Personal Injury Lawyer Jeffrey Nadrich Supports California Assembly Bill 1103
Personal injury attorney, Jeffrey Nadrich, supports California Assemblyman Jay Obernolte's efforts to hold Assembly Bill 1103.
13 Oct, 2017, 05:00 ET
MURRIETA, Calif., Oct. 13, 2017 /PRNewswire/ -- Legislators put the brakes on California Assembly Bill 1103 back in May, to the dismay of many bicycle advocates, including Murrieta personal injury attorney, Jeffrey Nadrich. If passed, AB 1103 would have allowed bicyclists throughout California to roll through stop signs instead of having to come to a complete stop each time. Under the proposed bill, stop signs would have been treated as yield signs for cyclists. Bike riders would only be required to stop in order to avoid an accident.
Opponents of the bill included advocates for the blind, law enforcement agencies and automobile organizations. Opponents worried about the possible confusion and danger which could result by having two separate stop sign regulations, one for motorists and one for bicyclists. Opponents argued that allowing bicyclists to roll through stop signs would lead to more accidents.
Due to many committee meetings and several hurdles, there was no vote by the Assembly Transportation Committee. California Republican Assemblyman, Jay Obernolte, has opted to hold the bill until next year so that he can work with opponents to address their concerns and gather support for the bill.
Support For California AB 1103
Murrieta, California injury lawyer, Jeffrey Nadrich, has represented hundreds of injured cyclists over the last 30 years and was a vocal supporter of AB 1103. Mr. Nadrich notes that "approximately one in five injured cyclists who contact our office is struck by a vehicle while riding through an intersection with stop signs." He believes that AB 1103 would save lives by reducing the number of bicycle accidents.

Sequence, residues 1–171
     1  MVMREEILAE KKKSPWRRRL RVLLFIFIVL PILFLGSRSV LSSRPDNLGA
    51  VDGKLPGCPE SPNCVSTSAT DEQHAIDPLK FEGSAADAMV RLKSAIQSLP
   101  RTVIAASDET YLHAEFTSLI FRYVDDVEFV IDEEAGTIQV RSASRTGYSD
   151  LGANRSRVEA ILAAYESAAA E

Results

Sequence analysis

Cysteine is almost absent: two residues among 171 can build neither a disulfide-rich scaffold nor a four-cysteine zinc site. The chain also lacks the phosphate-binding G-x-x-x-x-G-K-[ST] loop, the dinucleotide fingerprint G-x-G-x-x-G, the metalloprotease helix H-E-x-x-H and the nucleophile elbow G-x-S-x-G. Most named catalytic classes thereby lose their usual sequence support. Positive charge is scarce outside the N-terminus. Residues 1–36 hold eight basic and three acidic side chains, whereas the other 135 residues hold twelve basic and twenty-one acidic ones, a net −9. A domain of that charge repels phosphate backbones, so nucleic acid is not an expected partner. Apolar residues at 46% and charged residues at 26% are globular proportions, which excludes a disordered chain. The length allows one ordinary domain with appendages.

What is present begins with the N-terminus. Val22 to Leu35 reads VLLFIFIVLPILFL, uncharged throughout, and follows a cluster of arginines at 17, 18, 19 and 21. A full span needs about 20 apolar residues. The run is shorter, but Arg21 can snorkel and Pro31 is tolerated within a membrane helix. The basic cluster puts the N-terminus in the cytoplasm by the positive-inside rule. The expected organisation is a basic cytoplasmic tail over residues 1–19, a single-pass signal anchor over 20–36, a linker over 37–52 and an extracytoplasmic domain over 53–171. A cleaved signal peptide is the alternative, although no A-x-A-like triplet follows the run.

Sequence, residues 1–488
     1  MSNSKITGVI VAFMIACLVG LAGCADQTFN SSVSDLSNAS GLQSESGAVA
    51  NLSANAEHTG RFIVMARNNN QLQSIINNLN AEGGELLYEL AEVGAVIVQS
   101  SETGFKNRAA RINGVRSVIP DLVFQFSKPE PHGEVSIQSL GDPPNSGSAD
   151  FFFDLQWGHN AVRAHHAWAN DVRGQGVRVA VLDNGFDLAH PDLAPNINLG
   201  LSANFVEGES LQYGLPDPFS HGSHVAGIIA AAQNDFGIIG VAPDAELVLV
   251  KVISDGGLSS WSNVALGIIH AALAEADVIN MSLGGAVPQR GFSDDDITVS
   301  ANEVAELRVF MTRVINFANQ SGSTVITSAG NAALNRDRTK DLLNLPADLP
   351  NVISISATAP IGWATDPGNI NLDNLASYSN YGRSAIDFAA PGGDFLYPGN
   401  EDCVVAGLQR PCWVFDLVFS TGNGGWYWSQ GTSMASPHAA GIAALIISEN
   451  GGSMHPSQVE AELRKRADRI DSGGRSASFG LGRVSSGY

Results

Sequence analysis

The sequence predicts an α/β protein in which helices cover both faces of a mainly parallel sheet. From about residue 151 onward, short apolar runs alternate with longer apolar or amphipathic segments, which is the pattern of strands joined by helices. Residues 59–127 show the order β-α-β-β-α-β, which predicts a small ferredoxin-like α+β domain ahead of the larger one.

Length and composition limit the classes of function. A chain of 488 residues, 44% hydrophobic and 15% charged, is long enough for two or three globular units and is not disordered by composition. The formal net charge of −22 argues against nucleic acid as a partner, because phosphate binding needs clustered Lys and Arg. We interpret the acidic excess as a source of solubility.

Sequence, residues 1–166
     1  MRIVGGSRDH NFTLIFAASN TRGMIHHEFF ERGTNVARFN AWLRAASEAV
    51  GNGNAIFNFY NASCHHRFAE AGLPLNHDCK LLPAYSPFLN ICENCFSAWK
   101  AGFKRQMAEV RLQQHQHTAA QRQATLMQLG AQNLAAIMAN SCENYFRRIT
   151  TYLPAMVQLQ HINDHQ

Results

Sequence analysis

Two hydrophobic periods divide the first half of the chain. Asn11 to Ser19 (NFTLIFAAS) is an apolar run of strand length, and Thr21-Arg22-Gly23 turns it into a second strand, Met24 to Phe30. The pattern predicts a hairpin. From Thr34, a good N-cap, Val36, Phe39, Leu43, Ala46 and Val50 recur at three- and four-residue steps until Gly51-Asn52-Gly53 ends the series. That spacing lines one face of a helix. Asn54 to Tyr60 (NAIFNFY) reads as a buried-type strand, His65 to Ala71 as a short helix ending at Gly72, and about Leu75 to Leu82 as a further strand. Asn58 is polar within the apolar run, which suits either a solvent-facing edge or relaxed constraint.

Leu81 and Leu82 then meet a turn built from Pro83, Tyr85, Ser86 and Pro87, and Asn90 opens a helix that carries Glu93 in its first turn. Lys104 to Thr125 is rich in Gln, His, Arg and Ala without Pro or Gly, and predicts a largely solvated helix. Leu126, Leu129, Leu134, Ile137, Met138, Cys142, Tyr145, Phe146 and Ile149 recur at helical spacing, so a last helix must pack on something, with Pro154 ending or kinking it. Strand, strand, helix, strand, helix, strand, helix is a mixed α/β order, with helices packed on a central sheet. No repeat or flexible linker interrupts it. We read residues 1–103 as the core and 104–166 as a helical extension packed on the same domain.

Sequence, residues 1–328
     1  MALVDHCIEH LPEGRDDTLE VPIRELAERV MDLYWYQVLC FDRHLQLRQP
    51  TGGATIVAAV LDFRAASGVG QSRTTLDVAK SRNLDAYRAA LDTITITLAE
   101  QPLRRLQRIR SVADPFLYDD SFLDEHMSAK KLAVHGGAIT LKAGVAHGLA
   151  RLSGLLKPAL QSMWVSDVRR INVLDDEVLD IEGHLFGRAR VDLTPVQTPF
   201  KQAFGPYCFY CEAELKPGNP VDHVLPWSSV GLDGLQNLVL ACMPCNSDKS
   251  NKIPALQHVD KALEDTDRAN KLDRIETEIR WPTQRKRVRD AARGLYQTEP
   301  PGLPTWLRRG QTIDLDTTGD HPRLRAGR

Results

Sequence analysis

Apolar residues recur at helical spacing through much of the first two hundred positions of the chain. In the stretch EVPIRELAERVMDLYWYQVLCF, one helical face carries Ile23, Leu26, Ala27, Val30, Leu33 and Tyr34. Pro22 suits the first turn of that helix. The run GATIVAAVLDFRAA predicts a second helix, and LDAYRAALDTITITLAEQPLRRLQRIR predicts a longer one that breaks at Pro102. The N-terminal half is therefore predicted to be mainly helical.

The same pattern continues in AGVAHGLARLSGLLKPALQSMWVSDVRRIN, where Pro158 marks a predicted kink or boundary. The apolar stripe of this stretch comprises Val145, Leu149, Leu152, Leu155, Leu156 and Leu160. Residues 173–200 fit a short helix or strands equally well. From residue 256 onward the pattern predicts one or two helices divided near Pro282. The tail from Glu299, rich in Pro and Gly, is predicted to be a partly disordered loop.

Supporters of AB 1103 argue that yielding at stop signs is safer for bicyclists because it allows them to quickly move through an intersection. It takes cyclists a while to regain momentum after coming to a complete stop, which can cause an impatient driver not to wait for his or her turn and put a cyclist in danger.
In 1982, the state of Idaho adopted and successfully implemented a similar regulation for bicyclists in its state. It allows cyclists to "roll through" a stop sign. The maneuver is referred to as an "Idaho bike stop." Idaho is currently the only state in the country where a "bike roll" is legal. In the 35 years since Idaho legalized the rolling bike stop, injuries caused by bike accidents have decreased by 14 percent.
Murrieta Personal injury attorney, Jeffrey Nadrich, supports California Assemblyman Jay Obernolte's efforts to hold Assembly Bill 1103 and bring it back next session. With the increasing number of cyclists on California roadways, passing this bill could prevent many cycling injuries and accidents. If you support Bill 1103 and would like to see it brought back next session, contact your California Assembly member today.
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SOURCE Nadrich & Cohen, LLP
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